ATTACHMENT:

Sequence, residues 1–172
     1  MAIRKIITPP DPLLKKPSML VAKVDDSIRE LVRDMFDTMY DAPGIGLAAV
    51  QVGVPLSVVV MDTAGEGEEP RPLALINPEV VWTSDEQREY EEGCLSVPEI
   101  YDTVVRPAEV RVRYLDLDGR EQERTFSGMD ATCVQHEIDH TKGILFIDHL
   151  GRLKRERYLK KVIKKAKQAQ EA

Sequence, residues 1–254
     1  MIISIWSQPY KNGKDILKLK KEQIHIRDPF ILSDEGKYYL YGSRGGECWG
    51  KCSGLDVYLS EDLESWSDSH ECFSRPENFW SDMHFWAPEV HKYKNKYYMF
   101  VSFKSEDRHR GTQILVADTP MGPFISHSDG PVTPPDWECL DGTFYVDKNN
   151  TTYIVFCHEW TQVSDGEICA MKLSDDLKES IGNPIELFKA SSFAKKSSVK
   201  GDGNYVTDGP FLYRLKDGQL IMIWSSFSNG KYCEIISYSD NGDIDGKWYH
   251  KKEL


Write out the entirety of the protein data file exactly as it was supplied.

Sequence, residues 1–172
     1  MAIRKIITPP DPLLKKPSML VAKVDDSIRE LVRDMFDTMY DAPGIGLAAV
    51  QVGVPLSVVV MDTAGEGEEP RPLALINPEV VWTSDEQREY EEGCLSVPEI
   101  YDTVVRPAEV RVRYLDLDGR EQERTFSGMD ATCVQHEIDH TKGILFIDHL
   151  GRLKRERYLK KVIKKAKQAQ EA

Sequence, residues 1–254
     1  MIISIWSQPY KNGKDILKLK KEQIHIRDPF ILSDEGKYYL YGSRGGECWG
    51  KCSGLDVYLS EDLESWSDSH ECFSRPENFW SDMHFWAPEV HKYKNKYYMF
   101  VSFKSEDRHR GTQILVADTP MGPFISHSDG PVTPPDWECL DGTFYVDKNN
   151  TTYIVFCHEW TQVSDGEICA MKLSDDLKES IGNPIELFKA SSFAKKSSVK
   201  GDGNYVTDGP FLYRLKDGQL IMIWSSFSNG KYCEIISYSD NGDIDGKWYH
   251  KKEL